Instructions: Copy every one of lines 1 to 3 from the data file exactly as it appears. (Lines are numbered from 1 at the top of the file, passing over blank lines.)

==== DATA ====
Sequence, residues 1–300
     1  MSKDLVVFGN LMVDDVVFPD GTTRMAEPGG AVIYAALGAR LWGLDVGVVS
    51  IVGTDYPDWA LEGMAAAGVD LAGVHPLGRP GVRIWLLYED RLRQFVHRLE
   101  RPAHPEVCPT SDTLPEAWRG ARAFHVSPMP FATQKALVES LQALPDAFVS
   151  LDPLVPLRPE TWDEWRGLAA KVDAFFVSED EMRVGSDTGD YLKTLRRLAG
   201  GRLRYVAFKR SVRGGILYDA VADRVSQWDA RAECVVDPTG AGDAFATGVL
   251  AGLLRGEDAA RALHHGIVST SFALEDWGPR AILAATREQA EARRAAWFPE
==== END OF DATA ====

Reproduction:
Sequence, residues 1–300
     1  MSKDLVVFGN LMVDDVVFPD GTTRMAEPGG AVIYAALGAR LWGLDVGVVS
    51  IVGTDYPDWA LEGMAAAGVD LAGVHPLGRP GVRIWLLYED RLRQFVHRLE